Separate from Boh Brothers' claim against it, Paceco brought suit against Sade America and USF&G for alleged defects in the container cranes and shortcomings in Sade America's performance under the contract. (See Alexander Decl. ¶ 28.) In response to Paceco's claim, USF&G sustained losses of $410,465.23, and incurred Page 9 $238,043.27 in related expenses. (See Pls.' Trial Mem. at 4; Alexander Decl. ¶¶ 29-30 & Ex. I.) Plaintiffs now seek indemnification for the expenditures relating to the Release of Lien Bond, as well as the other losses under the Port of New Orleans Bond.

  II. The Agreements of Indemnification

  As a condition of providing surety bonding, USF&G and AHAC required the principals on the various projects to execute indemnity agreements in their favor. There are three relevant indemnity contracts, executed in 1994, 1995, and 1996, respectively.

  On August 19, 1994, Sade Chile, Sade America, and Sade entered into an indemnity agreement (the "1994 Agreement") in favor of USF&G, with an indemnity limit of $200,000,000. (See Pls.' Ex. S-6.) A second indemnity agreement was executed on February 17, 1995 (the "1995 Agreement") by Sequip, IVI, and Sade as principals and indemnitors, in favor of USF&G and AHAC, as co-sureties, with an indemnity limit of $500,000,000. (See Pls.' Ex. S-39.) Both the 1994 and 1995 Agreements require its principals and "any and all present or future affiliates or subsidiaries either owned or controlled by any of" these companies to assume "the obligations of Principals . . . with respect to any surety bond . . . issued, before or after this Agreement," by USF&G "on behalf of such Principals." (Pls.' Ex. S-6, lines 7-11; Pls.' Ex. S-39, lines 2-11.) Page 10

  It has been established that Sade, as a Principal on the P-19 and P-31 Bonds, parent of a Principal on the Port of New Orleans Bond, and party to the 1994 and 1995 Indemnity Agreements, is liable, under the common law and by agreement, to indemnify the Sureties on the P-19, P-31, and Port of New Orleans Bonds. See United States Fidelity and Guaranty Company v. Seguip Participacoes, S.A., et al., No. 98 Civ. 3099 (THK), 2003 WL 22743430, at **7, 10 (S.D.N.Y. Nov. 19, 2003) ("USFG II"). Plaintiffs claim, under a theory of successor liability, that Defendants acquired Sade's indemnity obligations for liabilities incurred under the Bonds when SVIS, a subsidiary of Sade, was merged into Inepar.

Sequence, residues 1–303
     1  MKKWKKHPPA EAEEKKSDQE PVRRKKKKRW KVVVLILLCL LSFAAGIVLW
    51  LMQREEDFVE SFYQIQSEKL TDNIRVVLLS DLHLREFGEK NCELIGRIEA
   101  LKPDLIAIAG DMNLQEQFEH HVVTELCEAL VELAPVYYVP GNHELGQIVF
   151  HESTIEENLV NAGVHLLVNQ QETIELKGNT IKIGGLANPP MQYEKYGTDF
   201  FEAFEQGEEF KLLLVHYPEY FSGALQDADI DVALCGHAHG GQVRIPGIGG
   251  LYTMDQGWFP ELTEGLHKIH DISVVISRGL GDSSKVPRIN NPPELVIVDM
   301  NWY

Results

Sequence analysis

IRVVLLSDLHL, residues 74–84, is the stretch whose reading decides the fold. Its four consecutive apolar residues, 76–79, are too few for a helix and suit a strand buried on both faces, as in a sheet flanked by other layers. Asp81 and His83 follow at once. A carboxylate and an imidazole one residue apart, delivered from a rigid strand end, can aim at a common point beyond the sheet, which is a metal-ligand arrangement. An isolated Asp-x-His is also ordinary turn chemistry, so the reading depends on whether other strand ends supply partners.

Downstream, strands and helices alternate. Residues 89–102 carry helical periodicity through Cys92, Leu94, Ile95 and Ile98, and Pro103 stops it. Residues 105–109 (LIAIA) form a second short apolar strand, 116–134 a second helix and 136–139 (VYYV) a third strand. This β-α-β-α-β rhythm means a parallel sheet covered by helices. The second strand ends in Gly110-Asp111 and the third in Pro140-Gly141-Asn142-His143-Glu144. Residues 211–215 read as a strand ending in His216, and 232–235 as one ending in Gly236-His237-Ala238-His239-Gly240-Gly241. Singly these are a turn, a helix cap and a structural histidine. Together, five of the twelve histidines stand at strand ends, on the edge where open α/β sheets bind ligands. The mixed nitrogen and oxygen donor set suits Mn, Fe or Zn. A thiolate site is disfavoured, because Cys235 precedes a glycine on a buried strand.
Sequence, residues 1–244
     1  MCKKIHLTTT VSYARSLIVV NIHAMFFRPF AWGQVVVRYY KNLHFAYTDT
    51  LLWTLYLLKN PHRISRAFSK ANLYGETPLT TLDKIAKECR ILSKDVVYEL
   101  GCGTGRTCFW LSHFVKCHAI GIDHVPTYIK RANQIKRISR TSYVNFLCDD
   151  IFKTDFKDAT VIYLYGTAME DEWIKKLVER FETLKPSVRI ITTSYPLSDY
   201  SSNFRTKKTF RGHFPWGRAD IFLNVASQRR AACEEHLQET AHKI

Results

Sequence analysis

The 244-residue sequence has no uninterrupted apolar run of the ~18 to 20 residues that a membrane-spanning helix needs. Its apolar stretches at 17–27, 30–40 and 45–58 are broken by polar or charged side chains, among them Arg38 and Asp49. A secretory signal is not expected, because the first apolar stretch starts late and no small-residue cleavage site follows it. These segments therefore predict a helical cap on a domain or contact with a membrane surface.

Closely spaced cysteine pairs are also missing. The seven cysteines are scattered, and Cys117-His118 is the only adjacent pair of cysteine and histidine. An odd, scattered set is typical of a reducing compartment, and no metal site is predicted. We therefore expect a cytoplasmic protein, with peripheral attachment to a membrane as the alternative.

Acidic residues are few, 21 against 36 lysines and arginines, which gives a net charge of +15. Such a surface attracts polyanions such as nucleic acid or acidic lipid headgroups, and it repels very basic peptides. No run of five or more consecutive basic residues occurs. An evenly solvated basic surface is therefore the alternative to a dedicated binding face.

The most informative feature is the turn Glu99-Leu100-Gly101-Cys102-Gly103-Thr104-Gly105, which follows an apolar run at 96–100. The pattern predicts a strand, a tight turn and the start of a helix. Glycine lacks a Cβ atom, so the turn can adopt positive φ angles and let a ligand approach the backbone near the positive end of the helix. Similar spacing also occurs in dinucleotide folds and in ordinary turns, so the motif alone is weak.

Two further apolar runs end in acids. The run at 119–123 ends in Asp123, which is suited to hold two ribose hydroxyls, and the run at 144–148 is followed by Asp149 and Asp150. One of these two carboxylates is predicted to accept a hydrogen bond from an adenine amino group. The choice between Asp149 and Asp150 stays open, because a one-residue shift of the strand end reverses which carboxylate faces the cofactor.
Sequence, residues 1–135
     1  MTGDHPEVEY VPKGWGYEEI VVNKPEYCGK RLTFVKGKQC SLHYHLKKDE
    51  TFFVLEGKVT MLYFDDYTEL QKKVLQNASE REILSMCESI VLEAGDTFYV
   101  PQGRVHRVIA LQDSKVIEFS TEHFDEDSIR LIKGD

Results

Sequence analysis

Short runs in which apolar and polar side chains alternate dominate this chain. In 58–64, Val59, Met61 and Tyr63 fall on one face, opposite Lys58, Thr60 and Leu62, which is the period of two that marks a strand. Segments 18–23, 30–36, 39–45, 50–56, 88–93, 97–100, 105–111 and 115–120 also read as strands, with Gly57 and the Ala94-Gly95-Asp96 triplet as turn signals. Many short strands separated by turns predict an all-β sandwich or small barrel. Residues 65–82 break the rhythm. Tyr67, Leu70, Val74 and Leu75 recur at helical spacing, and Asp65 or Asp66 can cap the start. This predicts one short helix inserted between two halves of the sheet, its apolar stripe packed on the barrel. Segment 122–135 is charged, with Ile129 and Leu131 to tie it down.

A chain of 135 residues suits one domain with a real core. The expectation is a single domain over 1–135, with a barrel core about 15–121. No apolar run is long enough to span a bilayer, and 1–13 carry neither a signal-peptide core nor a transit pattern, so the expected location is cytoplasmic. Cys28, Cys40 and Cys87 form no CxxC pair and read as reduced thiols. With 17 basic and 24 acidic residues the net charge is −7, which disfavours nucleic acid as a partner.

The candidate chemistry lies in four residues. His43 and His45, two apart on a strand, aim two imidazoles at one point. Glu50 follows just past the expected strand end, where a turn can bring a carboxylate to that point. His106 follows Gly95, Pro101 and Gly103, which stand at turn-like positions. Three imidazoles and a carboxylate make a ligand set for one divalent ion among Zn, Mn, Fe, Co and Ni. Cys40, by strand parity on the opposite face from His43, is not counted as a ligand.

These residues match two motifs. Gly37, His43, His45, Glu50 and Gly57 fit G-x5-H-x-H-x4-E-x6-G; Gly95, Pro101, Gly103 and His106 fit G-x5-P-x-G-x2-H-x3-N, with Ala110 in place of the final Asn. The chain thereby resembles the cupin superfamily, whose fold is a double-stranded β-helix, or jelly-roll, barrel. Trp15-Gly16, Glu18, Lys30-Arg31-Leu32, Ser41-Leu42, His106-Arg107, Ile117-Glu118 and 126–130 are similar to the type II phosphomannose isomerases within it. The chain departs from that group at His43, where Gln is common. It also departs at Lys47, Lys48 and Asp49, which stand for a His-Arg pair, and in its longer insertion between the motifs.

The third agreement for indemnification was signed on March 22, 1996 (the "1996 Agreement") by the defined principals, Inepar A&P and Inepar I&C, with an indemnity limit of $200,000,000. (See Pls.' Ex. S-195, line 134.) This Agreement, similar to the 1994 and 1995 Agreements, included as its principals "any present or future directly or indirectly majority-owned or controlled subsidiaries, affiliates or associated companies or corporations now existing or hereafter created or acquired whether operating solely or in joint venture with others not named here-in." (See id., lines 3-5.) The Agreement states that the Indemnitors are required to indemnify the Sureties: "with respect to any surety bond, undertaking or instrument of guarantee . . . issued, before or after the date of Page 11 this Agreement, by [the Sureties] on behalf of such Principals." (See id., lines 9-12.) Plaintiffs seek indemnification under the 1996 Agreement against Defendants for losses incurred under the P-31 Bond and the Port of New Orleans Bond, because the principals on those Bonds were IESA and Sade America, which both became subsidiaries of Inepar after the 1996 Agreement was issued.


  I. Indemnification for the P-19 Performance and Payment Bonds and P-31 Performance Bond Based Upon Inepar's Succession to Sade's Obligations

  Plaintiffs argue that Defendants are liable under the P-19 and P-31 Bonds, as successors to SVIS and Sade, because substantially all of the assets of Sade were transferred to SVIS (originally known as Produtos Hidromecanicos Limitada) in 1996, and then SVIS was acquired by, and eventually merged into, Inepar I&C. Defendants respond that although Sade conveyed a substantial part of its assets and liabilities to SVIS, under a share purchase agreement, Sade retained certain assets and liabilities, including its obligations with respect to the P-19 and P-31 Projects. The issue presented, therefore, is whether the spin-off of SVIS by Sade, and subsequent transfer of certain assets to Inepar, renders Inepar liable for Sade's indemnity obligations on the P-19 and P-31 Projects even if Sade purported to retain the liabilities related to the Projects. Page 12

  A. Controlling Law

  A federal court proceeding on the basis of diversity jurisdiction must apply the choice of law rules of the forum state, here New York, to determine what substantive law is applicable. See Fieger v. Pitney Bowes Credit Corp., 251 F.3d 386, 393 (2d Cir. 2001); Schwimmer v. Allstate Ins. Co., 176 F.3d 648, 650 (2d Cir. 1999).